During the current COVID-19 coronavirus lockdown many employees are now working from home. Some are finding it ‘wonderful’ and prefer it and others are finding it ‘awful’ and can’t wait to get back to their old work desk. Which one are you ?… I’m the latter and have promised myself that I will never complain about that dodgy wheel on my office chair again… I am actually looking forward to swivelling on it again, hopefully in the not too distant future! But it has to be said that working from home can prove to be difficult and can really affect your wellbeing and mental health. It’s good to be aware of how the changes are affecting you and acknowledge the fact that things will eventually revert back to normal.
If you are not used to working remotely or do not have a dedicated workspace in your home, distractions can affect productivity. After all, it’s your personal space, not your regular professional space. The kids are shouting, the cat doesn’t understand you are meant to be working, the dog is barking to go for a walk… Perhaps you are tempted to binge-watch the latest season of your favourite series on Netflix (because that’s what you normally do in this space… and it just doesn’t feel normal). Well you need to separate the space from ‘home’ for the period of the day that “you are working” and revert it back to your ‘personal space’ after work hours.
Here are our top tips to be productive when working from home during the COVID-19 outbreak.
Choose Your Workspace Carefully
Designate a space in your home that can act as your workstation. This way, you can concentrate on your work ‘when working’ and not let your personal life get in the way of your designated work time.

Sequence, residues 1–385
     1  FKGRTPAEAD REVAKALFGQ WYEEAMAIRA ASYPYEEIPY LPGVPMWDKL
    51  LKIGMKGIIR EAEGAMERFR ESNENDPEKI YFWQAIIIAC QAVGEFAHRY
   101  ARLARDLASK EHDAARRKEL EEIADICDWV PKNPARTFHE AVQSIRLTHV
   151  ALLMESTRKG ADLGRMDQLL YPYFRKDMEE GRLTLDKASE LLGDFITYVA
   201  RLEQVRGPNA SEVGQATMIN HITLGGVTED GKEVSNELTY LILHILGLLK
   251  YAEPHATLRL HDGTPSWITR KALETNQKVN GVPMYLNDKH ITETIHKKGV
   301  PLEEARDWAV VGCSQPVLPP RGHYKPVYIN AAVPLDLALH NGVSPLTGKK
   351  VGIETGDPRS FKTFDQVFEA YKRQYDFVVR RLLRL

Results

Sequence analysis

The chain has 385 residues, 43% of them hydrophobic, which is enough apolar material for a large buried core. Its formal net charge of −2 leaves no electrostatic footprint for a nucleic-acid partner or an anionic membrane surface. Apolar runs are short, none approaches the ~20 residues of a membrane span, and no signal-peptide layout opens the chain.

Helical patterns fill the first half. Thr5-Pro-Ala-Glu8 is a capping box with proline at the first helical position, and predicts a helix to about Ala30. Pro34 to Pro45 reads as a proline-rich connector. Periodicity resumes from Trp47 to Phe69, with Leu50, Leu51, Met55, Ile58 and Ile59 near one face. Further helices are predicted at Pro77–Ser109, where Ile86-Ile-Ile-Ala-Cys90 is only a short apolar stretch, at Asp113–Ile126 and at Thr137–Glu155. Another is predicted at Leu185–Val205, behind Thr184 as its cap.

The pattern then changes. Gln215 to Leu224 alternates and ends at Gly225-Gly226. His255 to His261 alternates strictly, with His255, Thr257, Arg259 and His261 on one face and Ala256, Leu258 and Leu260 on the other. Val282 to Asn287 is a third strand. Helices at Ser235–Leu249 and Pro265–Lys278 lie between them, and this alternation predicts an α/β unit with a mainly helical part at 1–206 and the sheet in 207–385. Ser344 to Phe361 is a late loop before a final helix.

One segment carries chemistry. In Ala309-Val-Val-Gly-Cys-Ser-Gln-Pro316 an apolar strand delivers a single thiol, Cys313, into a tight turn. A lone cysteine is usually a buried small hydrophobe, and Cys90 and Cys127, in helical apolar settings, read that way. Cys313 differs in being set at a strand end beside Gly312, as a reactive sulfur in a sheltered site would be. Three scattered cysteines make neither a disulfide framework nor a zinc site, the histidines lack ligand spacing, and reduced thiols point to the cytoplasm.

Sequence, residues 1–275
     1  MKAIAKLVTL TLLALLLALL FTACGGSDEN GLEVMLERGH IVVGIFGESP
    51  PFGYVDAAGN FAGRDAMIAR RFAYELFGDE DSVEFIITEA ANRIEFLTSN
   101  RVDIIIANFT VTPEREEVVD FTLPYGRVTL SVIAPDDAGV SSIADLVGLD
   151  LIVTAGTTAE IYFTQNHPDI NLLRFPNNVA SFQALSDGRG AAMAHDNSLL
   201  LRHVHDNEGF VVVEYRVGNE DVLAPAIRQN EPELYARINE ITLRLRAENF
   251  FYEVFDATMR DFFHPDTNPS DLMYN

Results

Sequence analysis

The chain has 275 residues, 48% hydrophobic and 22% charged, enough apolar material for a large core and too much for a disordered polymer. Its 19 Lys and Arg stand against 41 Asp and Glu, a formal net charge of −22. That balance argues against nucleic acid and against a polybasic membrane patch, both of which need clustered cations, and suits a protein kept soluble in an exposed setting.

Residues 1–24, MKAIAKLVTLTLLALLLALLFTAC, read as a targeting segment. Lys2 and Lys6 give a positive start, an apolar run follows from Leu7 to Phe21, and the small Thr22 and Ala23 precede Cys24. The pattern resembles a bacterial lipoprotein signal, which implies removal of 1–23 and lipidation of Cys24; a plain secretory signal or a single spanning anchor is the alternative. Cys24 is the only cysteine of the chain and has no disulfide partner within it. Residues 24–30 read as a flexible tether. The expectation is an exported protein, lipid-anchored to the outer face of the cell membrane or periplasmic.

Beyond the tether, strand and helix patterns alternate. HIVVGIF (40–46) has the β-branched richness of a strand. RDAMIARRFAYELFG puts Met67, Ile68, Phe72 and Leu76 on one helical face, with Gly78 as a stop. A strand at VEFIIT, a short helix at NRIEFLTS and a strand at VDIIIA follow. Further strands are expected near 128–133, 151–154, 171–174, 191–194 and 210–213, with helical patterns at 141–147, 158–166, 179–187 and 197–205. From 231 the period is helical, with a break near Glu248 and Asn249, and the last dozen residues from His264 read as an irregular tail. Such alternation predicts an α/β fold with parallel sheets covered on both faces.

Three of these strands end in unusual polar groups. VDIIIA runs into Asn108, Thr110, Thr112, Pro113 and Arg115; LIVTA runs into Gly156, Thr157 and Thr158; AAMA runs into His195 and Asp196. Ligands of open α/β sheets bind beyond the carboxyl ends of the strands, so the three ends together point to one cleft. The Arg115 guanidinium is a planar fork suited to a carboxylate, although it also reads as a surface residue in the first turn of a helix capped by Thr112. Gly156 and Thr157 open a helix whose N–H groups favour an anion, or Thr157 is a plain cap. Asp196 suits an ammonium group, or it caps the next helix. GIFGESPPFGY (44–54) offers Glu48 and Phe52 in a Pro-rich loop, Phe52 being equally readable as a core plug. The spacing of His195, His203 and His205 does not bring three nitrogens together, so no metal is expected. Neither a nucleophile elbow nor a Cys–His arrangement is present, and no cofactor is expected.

Your workstation should be a space that’s free of distractions. Try and make it a zone of solitude and quietness, where you can focus on the job in hand.
Look for these things when your setting up your workspace in the home:
- The least accessed space of the house (not in a walkway with other family members passing every few minutes).
- Is the bedroom empty for most of the day? Then that’s the perfect location.
- Somewhere near a window or the balcony if possible.
- A quiet corner of the house, that preferably you can close the door on.
Get Ready for the Day
It’s important to follow a normal routine.
Make a habit of waking up early in the morning just as before the lockdown, take a shower and get dressed for your workday.
Designate your work clothes (don’t fall into the lazy option of tracksuit every day). Your designated work clothes don’t need to be the typical professional attire, they can be more casual the your normal office attire, but don’t wear your weekend ‘hang out’ gear. A t-shirt and shorts are fine but the idea is that you make yourself aware you are in ‘work’ mode and not ‘chill out’ mode.
Set a Schedule
Working from a vague plan can severely affect productivity.
Make a daily schedule for yourself and stick to it. Better yet, put your schedule in writing. Jot it down on a paper or generate a digital schedule. Create a detailed to-do list that’s divided into categories and segregated by importance.
Use Technology to Stay Connected
Since the coronavirus pandemic has forced everyone to stay at home and practice social distance, staying connected with your work colleagues is essential. Not just to collaborate on projects, but also to have some social interaction and normality with your work colleagues. Daily telephone / video chats will ‘keep it real’ by sharing experiences and opinions on remote working, discussing the benefits and difficulties you are all experiencing.
Choose a messaging platform such as Microsoft Teams, Zoom, Google Hangouts or Skype to keep in touch with your colleagues. Not only does this help keep everyone updated about your work but it also keeps a sense of camaraderie and team collective support for each other. Essentially, this virtual messaging area is helping to maintain a social ‘virtual’ office environment where you continue to communicate with your team on a professional level whilst also continuing to have the ‘water cooler’ type conversations.